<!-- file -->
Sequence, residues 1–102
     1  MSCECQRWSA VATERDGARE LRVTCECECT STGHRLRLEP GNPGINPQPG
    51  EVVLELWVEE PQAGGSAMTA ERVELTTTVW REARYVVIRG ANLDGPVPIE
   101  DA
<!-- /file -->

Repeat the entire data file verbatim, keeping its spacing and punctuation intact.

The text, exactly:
Sequence, residues 1–102
     1  MSCECQRWSA VATERDGARE LRVTCECECT STGHRLRLEP GNPGINPQPG
    51  EVVLELWVEE PQAGGSAMTA ERVELTTTVW REARYVVIRG ANLDGPVPIE
   101  DA